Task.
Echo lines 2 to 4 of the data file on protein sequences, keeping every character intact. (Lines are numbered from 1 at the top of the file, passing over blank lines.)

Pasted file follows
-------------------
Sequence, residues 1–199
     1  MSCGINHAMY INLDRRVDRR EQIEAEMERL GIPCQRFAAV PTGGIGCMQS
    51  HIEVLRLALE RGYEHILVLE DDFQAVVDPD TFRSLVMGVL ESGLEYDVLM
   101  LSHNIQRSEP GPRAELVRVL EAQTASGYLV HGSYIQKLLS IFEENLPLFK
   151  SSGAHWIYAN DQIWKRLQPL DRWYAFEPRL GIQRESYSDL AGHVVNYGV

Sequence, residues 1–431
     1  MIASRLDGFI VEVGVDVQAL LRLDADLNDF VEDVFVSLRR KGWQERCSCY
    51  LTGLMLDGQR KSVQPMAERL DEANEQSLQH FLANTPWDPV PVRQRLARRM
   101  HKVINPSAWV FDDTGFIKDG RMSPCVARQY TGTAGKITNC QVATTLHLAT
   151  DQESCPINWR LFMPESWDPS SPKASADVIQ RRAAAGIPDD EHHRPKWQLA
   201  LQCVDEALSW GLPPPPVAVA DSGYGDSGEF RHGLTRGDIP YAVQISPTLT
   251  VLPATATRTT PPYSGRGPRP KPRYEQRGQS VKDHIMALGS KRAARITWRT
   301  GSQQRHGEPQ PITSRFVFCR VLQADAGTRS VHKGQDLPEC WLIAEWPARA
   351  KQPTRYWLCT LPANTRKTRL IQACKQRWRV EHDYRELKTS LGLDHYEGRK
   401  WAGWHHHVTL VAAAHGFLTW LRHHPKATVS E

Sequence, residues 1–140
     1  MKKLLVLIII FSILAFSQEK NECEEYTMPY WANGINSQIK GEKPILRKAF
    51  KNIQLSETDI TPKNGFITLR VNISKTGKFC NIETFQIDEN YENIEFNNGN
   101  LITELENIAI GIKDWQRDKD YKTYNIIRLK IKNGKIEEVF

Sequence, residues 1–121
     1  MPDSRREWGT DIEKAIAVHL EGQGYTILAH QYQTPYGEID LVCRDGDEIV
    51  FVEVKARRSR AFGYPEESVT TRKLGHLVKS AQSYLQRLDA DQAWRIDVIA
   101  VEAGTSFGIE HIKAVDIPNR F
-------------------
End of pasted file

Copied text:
     1  MSCGINHAMY INLDRRVDRR EQIEAEMERL GIPCQRFAAV PTGGIGCMQS
    51  HIEVLRLALE RGYEHILVLE DDFQAVVDPD TFRSLVMGVL ESGLEYDVLM
   101  LSHNIQRSEP GPRAELVRVL EAQTASGYLV HGSYIQKLLS IFEENLPLFK